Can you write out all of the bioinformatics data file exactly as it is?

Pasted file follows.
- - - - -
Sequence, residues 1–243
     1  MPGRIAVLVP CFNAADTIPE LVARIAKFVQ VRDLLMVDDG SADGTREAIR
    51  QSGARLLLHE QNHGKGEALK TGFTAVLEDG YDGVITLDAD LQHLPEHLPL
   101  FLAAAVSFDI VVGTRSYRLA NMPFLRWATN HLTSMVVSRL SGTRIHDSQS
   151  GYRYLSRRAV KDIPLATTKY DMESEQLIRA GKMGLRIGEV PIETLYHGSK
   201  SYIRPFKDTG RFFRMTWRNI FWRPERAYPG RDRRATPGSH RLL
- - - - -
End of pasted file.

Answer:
Sequence, residues 1–243
     1  MPGRIAVLVP CFNAADTIPE LVARIAKFVQ VRDLLMVDDG SADGTREAIR
    51  QSGARLLLHE QNHGKGEALK TGFTAVLEDG YDGVITLDAD LQHLPEHLPL
   101  FLAAAVSFDI VVGTRSYRLA NMPFLRWATN HLTSMVVSRL SGTRIHDSQS
   151  GYRYLSRRAV KDIPLATTKY DMESEQLIRA GKMGLRIGEV PIETLYHGSK
   201  SYIRPFKDTG RFFRMTWRNI FWRPERAYPG RDRRATPGSH RLL